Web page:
Last thing I want to leave you with on this, and the thing to take away and really think about is what is happening, (again, in a general way), in labor forces across the industrialized world, and what will continue into the next 10 years or so. Here is another chart that shows how the workplace and workers are skewing older, courtesy of Jed Kolko:

    The combination of more rapid population growth and increasing labor force participation among older workers are expected to result in about one-quarter of the workforce by 2024 being aged 55+. That is a huge increase from only 20 years prior, (1994), when the percentage of workers aged 55+ was only about 12%.  And workers 65+ are expected to make up almost 10% of the workforce by 2024, up from less than 3% just 20 years prior.

    There is plenty to think about here for sure, and as usual, no simple answers. The workforce is certainly skewing older, that seems to be indisputable. But what that means to organizational performance is not as clear, unless you are managing baseball players. For the rest of us, thinking about how these changes will or at least should impact how we hire, develop, coach, train, and mentor employees in the next 10 -15 years is probably one of the most important human capital challenges we will face. Think about it.

    Ok, that's it - I'm out. I need to get back to being super-productive (judging on where I sit on the curve).

    Thursday
    Oct082015

    CHART OF THE DAY: If you're feeling old, you're not the only one

    Super simple, yet cool Chart of the Day on the graying of America courtesy of the Chmura Economics Blog - let's take a look at the chart then as you continue to demand, some FREE commentary from me...

    Wow, check the growth of the 60+ age cohort from 2000 - 2030, amazing how the other segments remain (relatively) flat, while just about everyone else, (you and me too), get a heck of a lot older.

    Why should we care about this? A few reasons I think.

    1. These general demographic trends combine with observed and predicted workforce composition trends to point to a future where the average worker will be older, will plan on working longer, and where qualified 'new' workers will be even more in demand. If your company is not one where these in-demand younger workers will want to be, then you are going to have to get used to an older workforce than you have had before.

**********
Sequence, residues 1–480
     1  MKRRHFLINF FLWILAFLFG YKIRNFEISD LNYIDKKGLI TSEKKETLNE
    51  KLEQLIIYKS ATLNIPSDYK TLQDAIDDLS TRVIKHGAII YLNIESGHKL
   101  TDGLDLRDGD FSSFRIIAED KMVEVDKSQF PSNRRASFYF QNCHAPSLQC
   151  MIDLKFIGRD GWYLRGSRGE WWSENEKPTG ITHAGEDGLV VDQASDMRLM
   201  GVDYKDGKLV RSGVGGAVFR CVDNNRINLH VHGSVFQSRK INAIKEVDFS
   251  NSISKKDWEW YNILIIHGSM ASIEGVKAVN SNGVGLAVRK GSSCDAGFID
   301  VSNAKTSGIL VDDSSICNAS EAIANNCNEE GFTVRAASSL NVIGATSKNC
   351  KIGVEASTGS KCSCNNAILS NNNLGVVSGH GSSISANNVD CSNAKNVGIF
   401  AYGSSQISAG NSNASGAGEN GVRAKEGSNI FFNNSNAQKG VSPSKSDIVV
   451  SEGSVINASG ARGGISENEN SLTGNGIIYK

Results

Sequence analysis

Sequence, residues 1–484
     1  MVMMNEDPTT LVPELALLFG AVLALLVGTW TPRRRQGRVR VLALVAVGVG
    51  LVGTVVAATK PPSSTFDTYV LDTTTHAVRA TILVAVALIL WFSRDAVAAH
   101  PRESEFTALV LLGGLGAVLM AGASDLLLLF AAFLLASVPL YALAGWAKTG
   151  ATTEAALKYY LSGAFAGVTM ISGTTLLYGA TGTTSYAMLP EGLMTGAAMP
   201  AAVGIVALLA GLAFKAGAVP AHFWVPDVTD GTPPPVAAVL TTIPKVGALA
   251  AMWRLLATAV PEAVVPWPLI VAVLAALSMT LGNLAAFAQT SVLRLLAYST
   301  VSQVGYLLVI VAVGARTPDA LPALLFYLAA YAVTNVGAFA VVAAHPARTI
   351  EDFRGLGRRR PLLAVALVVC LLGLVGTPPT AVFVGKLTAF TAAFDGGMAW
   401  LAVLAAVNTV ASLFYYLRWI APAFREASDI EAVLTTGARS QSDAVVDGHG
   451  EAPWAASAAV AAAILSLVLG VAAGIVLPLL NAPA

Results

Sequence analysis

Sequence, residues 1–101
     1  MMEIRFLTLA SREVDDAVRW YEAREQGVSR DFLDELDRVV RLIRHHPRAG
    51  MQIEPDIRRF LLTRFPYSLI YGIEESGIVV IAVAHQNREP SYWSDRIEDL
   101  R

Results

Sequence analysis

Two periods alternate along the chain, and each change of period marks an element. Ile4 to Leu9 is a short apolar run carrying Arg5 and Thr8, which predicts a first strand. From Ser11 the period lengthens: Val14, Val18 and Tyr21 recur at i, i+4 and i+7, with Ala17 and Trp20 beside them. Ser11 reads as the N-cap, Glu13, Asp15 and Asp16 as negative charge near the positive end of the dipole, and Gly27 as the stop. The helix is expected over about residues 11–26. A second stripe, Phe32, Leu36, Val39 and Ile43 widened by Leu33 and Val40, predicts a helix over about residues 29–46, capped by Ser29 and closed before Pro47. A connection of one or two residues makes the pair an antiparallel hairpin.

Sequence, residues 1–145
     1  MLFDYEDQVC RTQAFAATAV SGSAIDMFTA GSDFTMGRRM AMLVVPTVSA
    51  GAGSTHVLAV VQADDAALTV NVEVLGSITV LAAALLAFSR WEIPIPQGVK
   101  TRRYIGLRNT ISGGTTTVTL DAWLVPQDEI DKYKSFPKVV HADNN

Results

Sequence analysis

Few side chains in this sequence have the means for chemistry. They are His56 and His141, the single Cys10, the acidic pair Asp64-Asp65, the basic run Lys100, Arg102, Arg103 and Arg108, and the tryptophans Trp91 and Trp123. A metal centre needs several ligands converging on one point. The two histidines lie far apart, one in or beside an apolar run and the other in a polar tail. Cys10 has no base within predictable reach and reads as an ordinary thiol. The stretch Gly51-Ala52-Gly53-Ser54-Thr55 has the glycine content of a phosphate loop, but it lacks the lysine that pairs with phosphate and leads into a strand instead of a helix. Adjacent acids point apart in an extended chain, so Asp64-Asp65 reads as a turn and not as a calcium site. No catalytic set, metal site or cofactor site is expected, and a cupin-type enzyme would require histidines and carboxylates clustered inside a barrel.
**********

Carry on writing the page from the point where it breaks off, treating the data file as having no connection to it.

2. How does a relatively older workforce actually translate to HR/Talent programs? Increased need for re-training, as careers lengthen but needed skills continually change, higher reliance on benefits more likely to be used by older workers and less on those that tend to be leveraged by 20 or 30-somethings, and finally a need to be more aware and deliberate about how more widely spread age ranges can effectively work together. 

    3. Deeper in the Chmura data, they break down this 'aging effect' by US state/county, (I was not able to embed the map here, but you should click through to check it out). As you might expect, the effects of the aging population/workforce composition will differ by locality. You might want to pinpoint the county(ies) that your organization has set up shop in order to get a feel for how quickly and how pronounced the aging effect is expected to be where you need to recruit and retain.

    Bottom line, it is probably a good idea to be aware of the big shifts in demographics, at least until you have figured out a way to replace all of your workers with robots.

    And looking at how much older we all seem to be getting, you might want to accelerate the robot recruiting sooner than later.